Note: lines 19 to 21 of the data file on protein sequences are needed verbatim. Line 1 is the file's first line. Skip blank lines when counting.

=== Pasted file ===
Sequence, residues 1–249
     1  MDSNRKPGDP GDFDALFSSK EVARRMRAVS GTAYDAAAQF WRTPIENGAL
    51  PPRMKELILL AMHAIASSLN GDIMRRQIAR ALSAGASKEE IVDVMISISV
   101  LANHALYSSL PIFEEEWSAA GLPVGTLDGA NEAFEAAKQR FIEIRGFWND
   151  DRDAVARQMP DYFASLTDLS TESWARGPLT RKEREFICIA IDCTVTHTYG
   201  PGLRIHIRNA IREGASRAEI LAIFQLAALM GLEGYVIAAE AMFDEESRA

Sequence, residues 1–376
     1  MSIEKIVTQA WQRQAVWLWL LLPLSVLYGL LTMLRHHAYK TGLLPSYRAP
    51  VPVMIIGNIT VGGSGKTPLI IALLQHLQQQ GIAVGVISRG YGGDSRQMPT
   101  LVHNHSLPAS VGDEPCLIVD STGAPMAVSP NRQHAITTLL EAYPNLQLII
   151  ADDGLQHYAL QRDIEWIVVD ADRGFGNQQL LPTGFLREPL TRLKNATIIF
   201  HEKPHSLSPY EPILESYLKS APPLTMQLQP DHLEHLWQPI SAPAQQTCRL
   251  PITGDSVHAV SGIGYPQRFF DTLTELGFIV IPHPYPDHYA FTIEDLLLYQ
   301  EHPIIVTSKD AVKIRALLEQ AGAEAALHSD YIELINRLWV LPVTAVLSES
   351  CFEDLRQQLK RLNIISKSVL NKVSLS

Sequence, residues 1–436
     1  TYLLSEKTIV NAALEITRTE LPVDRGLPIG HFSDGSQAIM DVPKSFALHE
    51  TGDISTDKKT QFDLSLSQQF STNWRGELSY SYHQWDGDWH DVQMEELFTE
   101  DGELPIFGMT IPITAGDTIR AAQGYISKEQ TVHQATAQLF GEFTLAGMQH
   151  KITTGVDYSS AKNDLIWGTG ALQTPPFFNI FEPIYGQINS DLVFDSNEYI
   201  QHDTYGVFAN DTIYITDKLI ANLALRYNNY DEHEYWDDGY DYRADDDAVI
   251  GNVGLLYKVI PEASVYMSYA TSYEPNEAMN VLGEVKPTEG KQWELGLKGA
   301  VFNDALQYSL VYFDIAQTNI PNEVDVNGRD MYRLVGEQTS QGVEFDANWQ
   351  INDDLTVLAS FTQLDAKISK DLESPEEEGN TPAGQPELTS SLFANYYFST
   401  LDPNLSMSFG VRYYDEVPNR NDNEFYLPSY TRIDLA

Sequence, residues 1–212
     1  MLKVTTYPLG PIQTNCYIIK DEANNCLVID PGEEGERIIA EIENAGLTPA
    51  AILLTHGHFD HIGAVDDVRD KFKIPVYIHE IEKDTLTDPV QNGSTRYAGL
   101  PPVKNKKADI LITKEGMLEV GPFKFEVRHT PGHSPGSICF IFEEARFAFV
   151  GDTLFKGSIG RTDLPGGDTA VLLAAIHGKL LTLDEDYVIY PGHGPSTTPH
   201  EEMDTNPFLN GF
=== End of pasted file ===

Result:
   101  DGELPIFGMT IPITAGDTIR AAQGYISKEQ TVHQATAQLF GEFTLAGMQH
   151  KITTGVDYSS AKNDLIWGTG ALQTPPFFNI FEPIYGQINS DLVFDSNEYI
   201  QHDTYGVFAN DTIYITDKLI ANLALRYNNY DEHEYWDDGY DYRADDDAVI